For many decades many Europeans believed that Argentina offered an opportunity equal to, if not greater than, North America. The pampas estancieros enjoyed the reputation that Texas or Arab oil magnates have today, and the expression riche comme un Argentin remained a commonplace among the French until the 1930s….[However,] for at least the past two decades economists have classified Argentina in the under-developed or "third" world, and by the 1960s Argentina was becoming a byword for political instability, inflation, and labor unrest. During the 1970s a sudden procession of horror stories emanated from Argentina-unbridled popular riots, guerilla warfare, assassinations, abductions, imprisonment of dissidents, institutionalized torture, and eventually mass murder. For a time Argentina elicited a single association: los desaparecidos, the thousands of students, workers, writers, lawyers, architects, and journalists, men and women alike, who had "disappeared", simply vanished without trace…. The central, compelling question about Argentina is simply: What went wrong? Why has Argentina failed to realize its promise? (Rock, 1985, pp. xxi-xxii; my italics)

     There have been many answers to that central question, but few that have gone back far enough in history as demanded by the GAM/DP theory of personality and creativity. There is no valid explanation of what went right or wrong with a nation without a clear understanding of its distant past. For instance, in any discussion of the origins of the West, there is no way that we can say something meaningful without dealing first with what happened at Canossa in 1077, Legnano/Venice in 1176/1177, Runnymede in 1215. It is not that later positive DP events are not important, but that their importance was prepared by the DP ideas and agreements of those key events.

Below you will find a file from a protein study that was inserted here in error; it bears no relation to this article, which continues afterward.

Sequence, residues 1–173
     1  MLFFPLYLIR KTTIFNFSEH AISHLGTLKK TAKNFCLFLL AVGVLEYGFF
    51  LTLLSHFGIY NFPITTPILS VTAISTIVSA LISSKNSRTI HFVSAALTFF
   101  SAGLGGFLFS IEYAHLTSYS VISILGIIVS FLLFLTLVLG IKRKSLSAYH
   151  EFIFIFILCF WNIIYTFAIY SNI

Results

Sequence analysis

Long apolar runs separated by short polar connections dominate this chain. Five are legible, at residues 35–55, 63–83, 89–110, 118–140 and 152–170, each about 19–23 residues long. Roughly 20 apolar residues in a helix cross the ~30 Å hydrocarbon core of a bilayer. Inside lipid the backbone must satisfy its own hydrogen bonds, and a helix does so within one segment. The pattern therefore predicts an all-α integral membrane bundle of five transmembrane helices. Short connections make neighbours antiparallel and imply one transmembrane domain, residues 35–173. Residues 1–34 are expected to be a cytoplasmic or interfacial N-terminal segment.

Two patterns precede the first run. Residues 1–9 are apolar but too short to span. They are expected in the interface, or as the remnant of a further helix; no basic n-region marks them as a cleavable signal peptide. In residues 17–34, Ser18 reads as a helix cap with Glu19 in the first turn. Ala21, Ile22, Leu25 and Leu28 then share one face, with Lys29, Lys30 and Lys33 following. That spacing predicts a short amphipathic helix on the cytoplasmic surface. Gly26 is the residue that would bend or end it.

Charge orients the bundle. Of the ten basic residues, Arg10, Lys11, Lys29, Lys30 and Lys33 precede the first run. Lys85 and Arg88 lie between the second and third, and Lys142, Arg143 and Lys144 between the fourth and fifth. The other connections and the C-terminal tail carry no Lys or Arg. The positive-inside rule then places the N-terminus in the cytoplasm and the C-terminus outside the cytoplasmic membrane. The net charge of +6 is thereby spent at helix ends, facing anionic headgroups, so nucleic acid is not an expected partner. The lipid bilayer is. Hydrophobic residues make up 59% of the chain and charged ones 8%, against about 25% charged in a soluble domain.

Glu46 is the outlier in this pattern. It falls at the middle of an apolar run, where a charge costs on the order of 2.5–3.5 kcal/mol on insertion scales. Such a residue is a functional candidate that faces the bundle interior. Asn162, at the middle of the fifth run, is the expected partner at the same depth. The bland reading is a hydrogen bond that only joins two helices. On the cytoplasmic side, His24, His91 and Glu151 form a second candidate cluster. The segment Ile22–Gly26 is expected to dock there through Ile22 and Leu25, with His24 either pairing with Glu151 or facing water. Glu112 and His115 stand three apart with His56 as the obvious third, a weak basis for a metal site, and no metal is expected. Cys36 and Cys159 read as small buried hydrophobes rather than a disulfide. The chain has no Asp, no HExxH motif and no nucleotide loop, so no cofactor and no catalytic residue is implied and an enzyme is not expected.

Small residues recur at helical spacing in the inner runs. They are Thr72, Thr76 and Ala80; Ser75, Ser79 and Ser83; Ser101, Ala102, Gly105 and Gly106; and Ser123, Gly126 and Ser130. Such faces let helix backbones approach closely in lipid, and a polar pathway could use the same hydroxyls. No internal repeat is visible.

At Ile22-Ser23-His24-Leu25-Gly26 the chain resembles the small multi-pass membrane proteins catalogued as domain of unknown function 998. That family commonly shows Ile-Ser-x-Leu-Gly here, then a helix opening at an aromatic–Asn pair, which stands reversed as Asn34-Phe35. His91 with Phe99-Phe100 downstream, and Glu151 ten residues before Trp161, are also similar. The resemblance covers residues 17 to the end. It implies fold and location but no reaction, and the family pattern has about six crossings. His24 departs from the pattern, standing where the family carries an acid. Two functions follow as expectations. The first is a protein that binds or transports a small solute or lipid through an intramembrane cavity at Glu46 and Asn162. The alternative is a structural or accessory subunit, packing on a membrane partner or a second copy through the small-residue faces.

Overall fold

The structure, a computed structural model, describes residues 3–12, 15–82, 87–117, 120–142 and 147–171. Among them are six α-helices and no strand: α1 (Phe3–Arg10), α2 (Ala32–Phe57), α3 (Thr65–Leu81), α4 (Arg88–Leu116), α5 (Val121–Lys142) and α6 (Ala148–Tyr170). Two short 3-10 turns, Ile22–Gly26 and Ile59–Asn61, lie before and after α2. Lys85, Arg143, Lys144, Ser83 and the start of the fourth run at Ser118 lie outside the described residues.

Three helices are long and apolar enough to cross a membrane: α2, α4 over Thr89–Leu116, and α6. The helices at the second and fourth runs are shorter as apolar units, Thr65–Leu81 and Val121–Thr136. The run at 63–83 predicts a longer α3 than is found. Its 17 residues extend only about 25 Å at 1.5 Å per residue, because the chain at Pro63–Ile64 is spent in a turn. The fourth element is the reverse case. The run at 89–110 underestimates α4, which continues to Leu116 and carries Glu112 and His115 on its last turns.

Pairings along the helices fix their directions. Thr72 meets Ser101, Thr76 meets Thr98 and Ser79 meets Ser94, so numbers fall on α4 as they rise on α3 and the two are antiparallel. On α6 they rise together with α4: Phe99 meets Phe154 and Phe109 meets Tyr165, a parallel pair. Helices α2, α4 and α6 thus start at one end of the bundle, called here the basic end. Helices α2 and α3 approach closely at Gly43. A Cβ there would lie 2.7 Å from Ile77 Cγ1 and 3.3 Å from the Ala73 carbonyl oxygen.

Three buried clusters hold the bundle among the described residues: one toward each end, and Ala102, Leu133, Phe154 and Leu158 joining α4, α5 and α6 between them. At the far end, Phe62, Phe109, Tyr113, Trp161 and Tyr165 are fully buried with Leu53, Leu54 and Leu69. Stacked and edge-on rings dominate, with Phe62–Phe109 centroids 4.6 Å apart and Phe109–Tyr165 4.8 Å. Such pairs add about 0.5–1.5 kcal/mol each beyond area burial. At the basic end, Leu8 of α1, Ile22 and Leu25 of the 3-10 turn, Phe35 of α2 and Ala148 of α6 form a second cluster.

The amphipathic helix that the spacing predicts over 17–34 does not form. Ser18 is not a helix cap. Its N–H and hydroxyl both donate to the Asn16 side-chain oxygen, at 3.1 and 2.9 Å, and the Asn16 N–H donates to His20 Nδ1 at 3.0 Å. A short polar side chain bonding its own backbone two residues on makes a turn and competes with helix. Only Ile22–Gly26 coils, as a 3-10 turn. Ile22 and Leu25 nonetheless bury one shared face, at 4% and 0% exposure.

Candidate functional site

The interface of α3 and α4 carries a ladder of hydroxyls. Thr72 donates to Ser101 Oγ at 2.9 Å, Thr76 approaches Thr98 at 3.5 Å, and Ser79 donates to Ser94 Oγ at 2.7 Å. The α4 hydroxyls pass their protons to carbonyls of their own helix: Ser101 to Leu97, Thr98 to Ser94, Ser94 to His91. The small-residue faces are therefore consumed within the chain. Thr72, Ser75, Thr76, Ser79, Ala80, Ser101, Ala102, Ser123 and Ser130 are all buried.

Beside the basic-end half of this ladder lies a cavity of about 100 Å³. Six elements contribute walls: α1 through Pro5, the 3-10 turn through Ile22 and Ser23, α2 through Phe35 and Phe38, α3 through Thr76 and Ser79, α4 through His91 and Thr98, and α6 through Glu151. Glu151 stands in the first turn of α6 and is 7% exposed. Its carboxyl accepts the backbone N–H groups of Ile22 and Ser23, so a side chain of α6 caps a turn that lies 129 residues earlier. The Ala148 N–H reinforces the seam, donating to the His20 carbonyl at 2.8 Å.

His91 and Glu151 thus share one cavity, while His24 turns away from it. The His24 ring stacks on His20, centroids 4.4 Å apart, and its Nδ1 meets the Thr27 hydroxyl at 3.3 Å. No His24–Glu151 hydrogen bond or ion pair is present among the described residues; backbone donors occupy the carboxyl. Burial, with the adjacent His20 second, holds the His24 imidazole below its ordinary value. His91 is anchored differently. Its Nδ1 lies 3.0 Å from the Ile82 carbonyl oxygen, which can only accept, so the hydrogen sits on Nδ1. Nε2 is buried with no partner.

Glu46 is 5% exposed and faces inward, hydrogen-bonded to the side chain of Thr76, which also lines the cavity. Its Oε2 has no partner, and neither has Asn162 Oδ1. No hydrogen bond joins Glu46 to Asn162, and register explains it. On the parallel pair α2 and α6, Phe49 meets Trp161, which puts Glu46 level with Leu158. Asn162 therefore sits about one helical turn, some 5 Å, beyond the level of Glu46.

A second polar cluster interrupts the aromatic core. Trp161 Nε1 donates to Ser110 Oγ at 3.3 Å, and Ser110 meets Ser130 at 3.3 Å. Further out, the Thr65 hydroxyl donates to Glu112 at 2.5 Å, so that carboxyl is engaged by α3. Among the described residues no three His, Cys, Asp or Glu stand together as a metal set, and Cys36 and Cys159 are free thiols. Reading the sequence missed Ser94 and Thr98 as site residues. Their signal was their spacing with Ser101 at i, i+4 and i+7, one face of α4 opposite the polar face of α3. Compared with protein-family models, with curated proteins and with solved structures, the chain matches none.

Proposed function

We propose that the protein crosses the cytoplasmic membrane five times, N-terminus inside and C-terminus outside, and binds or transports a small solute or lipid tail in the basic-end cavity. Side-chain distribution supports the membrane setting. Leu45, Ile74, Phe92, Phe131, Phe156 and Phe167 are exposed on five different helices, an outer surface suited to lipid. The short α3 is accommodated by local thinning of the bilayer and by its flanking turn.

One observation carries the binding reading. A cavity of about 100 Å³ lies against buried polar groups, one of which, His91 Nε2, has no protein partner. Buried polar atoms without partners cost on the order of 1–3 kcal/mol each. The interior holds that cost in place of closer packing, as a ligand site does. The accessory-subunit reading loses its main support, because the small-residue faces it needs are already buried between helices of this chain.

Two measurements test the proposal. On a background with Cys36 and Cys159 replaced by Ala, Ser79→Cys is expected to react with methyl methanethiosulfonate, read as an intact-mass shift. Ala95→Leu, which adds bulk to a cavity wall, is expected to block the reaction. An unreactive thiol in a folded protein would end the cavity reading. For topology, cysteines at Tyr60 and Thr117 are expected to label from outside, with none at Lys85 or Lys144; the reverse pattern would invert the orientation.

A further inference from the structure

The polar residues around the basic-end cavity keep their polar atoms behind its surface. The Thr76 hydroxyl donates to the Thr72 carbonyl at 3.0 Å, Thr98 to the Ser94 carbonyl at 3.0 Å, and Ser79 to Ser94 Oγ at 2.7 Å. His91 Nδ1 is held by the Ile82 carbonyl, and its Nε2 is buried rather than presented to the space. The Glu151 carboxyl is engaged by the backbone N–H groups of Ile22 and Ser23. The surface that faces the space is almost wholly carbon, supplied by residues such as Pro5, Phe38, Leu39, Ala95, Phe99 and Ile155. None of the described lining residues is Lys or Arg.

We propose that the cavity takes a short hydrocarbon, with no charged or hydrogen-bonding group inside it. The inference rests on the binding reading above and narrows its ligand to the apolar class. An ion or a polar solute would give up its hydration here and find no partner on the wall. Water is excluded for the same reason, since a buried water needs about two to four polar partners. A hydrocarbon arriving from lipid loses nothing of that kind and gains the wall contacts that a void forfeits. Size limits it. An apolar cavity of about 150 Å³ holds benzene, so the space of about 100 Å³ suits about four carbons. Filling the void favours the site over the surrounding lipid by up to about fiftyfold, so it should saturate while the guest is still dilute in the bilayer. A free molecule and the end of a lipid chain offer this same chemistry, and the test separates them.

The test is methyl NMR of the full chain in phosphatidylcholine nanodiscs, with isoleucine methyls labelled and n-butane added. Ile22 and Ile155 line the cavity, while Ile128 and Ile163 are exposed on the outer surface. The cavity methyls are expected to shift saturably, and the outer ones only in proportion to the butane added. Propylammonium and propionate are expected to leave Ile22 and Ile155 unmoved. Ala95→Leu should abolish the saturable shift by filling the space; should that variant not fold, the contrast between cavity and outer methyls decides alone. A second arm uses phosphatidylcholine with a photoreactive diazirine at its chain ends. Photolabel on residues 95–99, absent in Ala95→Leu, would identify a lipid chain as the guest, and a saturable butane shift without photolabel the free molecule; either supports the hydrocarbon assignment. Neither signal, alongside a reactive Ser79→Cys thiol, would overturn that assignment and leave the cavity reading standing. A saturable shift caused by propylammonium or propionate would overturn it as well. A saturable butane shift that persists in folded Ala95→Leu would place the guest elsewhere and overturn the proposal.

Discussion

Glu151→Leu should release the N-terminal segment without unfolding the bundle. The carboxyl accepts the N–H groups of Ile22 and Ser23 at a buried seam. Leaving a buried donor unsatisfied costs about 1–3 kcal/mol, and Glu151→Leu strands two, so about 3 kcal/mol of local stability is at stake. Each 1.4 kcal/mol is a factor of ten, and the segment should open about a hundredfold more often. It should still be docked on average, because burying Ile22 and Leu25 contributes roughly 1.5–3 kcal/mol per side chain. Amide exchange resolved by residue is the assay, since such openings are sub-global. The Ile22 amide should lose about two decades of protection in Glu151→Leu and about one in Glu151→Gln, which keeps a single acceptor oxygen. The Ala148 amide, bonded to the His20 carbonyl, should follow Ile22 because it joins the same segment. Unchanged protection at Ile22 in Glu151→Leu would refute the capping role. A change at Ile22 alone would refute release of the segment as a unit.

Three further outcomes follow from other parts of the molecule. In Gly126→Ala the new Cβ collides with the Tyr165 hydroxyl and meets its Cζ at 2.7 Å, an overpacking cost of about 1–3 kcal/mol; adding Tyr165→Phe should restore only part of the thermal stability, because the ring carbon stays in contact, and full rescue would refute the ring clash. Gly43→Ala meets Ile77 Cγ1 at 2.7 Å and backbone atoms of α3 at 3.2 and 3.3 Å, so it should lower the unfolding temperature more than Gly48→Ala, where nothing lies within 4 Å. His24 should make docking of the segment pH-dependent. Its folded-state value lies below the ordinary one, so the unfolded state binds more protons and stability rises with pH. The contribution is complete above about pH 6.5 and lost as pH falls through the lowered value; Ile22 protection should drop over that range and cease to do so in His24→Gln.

In the case of Argentina, it is less a question of key events and agreements, than, at first, of a UP institution, the Inquisition, that many scholars have decided to forget or minimize, and which in my mind must be faced squarely. Because of this, Part II of this chapter is devoted to the evil perpetrated by the UP of the Inquisition in Latin America, Spain, Sicily, and the Papal States. Accordingly, my discussion will move from Argentina, to Spain and back to Argentina, stressing how Latin America, but especially Argentina, suffered much more of royal/inquisitorial UP, than Spain itself, because its distance from Europe prevented the many liberalizing contacts that Spain had with France, England, Italy, and Flanders, including the contacts of war, as for instance the Peninsular War of 1807-1814 which so strongly affected both Spain and Portugal.
     Part III, on the vertical component of the Hispanic character is equally Spanish at first, yet various key aspects of that vertical component have sadly become stronger in Argentina than in Spain itself.
     Before leaving the preliminaries of this introduction, something more must be said first on what went wrong, and then on the aims and methods of this chapter.

2. What Went Wrong?

· On March 24, 1976, a junta led by Gen. Jorge Rafael Videla seized power from President Isabel Peron. During the next seven years, at least 8,900 people disappeared, according to a 1985 government report, although human rights groups place the figure at around 30,000. [Sadly, this behavior was not new. Already under Juan Manuel Rosas, who ruled Argentina in 1829-1852, "one source estimates that by 1843 he had been responsible, through executions and civil war casualties (not including the badly wounded who would die shortly afterwards, or the deaths inflicted by Rosas' enemies) for over 22,000 deaths" (Earle, 1971, p. 47).]
· A microcosm of international politics, Argentina has experienced domestically the hostilities that citizens of other states experience mainly in the area of foreign relations. More than any other nation, since World War II it has been a battleground of ideas competing for supremacy-liberalism, democracy, socialism, communism, fascism, and the social teachings of the Catholic church-ideologies contributing to a climate of social and political chaos. In Argentina their encounter reached a pitch of violence unsurpassed in the hemisphere. Argentina can boast of the two largest, best-organized, and best-financed urban guerrilla formations on record-the Ejército Revolucionario del Pueblo (ERP), and the Montoneros. The response to their revolutionary war was also record-breaking-the military's dirty war, a revival of the methods of the Spanish Inquisition, and the most systematic form of state terrorism in the New World. (Hodges, 1991, p. xi)